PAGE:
IMF published its staff report on the review of Colombia's performance under the flexible credit line (FCL) arrangement. The review shows that financial system in the country remains sound and financial-sector supervision is being further strengthened, including through a gradual convergence to Basel III standards. A flexible exchange rate continues to be the primary mechanism of adjustment to external shocks.
The staff report notes that banks remain well-capitalized, with provisions stable at approximately 130% of non-performing loans (NPLs) and tier-1 and regulatory capital having been raised to 13.2% and 18.9% of risk-weighted-assets (RWAs), respectively. The authorities are further strengthening the policy framework and building policy space to ensure continued resilience to external shocks. The financial supervisor is implementing the Conglomerates Law and Basel III capital and liquidity standards, in line with previous staff advice. These standards will be gradually introduced over a four-year period (February 2020–February 2024). These measures should further strengthen the regulatory framework.
The authorities reiterated their intention to continue treating the FCL arrangement as precautionary and to gradually reduce access to Fund resources, risks permitting. The authorities see implementation of the Conglomerates Law and convergence to Basel III as well as continued adherence to the structural balance rule as important steps to further build resilience. They remain committed to the exit strategy communicated at the time of the 2018 FCL approval and see the reserve accumulation program as an important step in preparing for an eventual and gradual reduction, risks permitting, in FCL access. Colombia has a sustained track record of implementing strong policies and the authorities remain committed to maintaining such policies going forward:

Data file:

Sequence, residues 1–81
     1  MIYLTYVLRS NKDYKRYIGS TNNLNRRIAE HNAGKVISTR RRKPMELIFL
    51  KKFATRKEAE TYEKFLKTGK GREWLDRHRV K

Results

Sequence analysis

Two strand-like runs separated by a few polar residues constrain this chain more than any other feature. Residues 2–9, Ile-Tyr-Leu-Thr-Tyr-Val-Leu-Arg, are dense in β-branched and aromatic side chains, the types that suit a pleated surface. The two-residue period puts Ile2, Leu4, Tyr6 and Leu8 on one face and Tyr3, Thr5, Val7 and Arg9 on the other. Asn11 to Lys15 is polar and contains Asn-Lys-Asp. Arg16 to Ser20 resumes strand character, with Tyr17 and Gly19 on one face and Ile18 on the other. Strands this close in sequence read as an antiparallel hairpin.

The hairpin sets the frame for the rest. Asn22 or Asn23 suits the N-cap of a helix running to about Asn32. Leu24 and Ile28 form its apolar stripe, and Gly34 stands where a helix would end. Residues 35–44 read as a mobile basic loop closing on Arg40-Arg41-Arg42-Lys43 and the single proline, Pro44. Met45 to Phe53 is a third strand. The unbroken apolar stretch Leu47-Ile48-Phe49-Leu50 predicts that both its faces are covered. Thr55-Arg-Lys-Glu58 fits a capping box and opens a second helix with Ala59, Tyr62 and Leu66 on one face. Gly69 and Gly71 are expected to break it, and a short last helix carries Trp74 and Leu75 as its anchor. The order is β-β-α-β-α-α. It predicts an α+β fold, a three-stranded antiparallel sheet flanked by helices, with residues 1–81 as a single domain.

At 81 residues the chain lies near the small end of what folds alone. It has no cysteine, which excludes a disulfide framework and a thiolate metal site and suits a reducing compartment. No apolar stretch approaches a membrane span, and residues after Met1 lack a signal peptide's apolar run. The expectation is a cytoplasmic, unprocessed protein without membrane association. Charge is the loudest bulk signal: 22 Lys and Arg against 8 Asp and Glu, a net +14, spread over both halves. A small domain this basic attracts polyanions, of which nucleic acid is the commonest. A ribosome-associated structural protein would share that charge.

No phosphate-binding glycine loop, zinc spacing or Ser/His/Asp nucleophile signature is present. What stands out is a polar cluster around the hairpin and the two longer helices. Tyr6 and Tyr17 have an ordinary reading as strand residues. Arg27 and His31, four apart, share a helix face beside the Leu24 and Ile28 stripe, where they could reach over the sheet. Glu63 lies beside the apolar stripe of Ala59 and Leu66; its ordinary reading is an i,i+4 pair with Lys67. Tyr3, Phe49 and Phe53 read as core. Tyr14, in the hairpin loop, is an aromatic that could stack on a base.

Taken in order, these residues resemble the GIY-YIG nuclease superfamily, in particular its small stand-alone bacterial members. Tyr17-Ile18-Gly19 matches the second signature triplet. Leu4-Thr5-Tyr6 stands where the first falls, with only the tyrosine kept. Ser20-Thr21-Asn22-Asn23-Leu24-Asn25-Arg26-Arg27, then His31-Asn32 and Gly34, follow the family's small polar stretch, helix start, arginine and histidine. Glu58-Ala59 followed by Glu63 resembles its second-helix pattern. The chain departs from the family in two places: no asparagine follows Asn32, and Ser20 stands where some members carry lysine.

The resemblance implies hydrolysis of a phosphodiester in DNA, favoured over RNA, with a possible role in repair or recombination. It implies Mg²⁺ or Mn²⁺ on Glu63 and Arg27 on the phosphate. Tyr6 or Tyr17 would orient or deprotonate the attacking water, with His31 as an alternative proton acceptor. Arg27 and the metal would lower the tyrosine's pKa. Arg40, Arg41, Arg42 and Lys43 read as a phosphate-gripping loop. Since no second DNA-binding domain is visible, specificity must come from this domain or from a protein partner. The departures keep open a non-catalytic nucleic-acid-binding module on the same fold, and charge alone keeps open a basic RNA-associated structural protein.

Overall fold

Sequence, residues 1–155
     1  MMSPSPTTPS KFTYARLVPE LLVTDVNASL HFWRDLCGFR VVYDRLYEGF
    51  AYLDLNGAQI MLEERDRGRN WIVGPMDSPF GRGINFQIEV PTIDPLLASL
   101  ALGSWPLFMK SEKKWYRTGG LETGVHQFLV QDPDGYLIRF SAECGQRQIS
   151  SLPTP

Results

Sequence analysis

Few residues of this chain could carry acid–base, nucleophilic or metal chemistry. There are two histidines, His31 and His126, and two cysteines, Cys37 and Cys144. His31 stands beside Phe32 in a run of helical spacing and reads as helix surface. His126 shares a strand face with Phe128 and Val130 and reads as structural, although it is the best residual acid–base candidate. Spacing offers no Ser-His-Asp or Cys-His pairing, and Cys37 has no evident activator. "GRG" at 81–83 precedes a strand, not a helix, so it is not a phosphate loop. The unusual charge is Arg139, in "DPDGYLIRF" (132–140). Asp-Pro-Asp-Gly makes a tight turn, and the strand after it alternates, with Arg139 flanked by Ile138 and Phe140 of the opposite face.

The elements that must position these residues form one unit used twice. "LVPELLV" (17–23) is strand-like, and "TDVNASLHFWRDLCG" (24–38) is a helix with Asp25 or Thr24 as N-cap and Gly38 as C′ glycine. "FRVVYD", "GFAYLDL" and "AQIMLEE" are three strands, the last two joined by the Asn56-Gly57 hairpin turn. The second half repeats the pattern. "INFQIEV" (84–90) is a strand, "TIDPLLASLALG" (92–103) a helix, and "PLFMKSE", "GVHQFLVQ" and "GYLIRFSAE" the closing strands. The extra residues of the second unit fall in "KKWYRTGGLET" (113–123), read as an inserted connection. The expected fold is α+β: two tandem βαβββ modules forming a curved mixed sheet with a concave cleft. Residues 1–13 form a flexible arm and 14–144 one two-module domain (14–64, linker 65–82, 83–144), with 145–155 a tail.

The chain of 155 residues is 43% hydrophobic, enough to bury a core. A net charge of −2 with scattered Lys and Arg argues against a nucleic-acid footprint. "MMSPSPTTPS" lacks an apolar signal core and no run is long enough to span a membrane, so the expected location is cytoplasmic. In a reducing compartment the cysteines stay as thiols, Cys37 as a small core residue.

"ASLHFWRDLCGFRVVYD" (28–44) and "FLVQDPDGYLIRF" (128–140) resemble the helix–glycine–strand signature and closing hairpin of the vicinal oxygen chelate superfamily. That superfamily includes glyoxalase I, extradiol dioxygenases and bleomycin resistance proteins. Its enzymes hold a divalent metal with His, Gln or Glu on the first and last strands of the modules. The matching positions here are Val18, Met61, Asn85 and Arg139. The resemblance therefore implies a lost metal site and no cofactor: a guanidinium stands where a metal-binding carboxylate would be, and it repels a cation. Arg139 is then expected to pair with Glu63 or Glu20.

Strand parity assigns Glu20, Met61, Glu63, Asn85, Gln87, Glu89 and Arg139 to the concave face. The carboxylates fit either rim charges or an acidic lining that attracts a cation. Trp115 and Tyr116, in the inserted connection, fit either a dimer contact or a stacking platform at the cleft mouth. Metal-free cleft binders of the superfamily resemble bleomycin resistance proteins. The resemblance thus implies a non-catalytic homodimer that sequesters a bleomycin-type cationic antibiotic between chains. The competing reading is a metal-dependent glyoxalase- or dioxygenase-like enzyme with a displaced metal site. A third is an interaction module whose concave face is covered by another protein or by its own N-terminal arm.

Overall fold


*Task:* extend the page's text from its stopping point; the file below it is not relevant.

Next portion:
- Sound financial system and absence of solvency problems that may threaten systemic stability. Financial system solvency and liquidity has remained strong notwithstanding the credit issues in specific sectors. As of September 2018, capital adequacy ratio of banks stood well above the regulatory limit, while other financial soundness indicators are also well within adequate ranges. While NPLs have increased in the past few years, they declined in the last quarter of 2018 and are expected to further decline as the economy continues to recover. The 2019 Article IV mission did not find significant solvency risks or recapitalization needs. According to the periodic central bank stress tests, the banking sector remains robust to adverse macroeconomic shocks.
- Effective financial sector supervision. The authorities are taking measures to further strengthen the supervisory framework. They are bringing capital and liquidity standards in line with Basel III, including definitions of RWA and regulatory capital and the size of capital conservation and additional risk buffers for domestic systemically important banks (D-SIBs). In addition, a capital requirement for operational risk for banks is expected to be introduced, with a decree outlining the specific details to be published in the fourth quarter of 2019. The authorities are also implementing the Conglomerates Law (approved in September 2017), which should enhance the effectiveness of supervision over cross-border banking groups, including capital adequacy requirements at the group and subsidiary levels, and guidelines for conflicts of interest within financial conglomerates.
Related Link: Staff Report
Keywords: Americas, Colombia, Banking, Basel III, Stress Testing, Capital Adequacy, NPLs, Systemic Risk, Regulatory Capital, IMF
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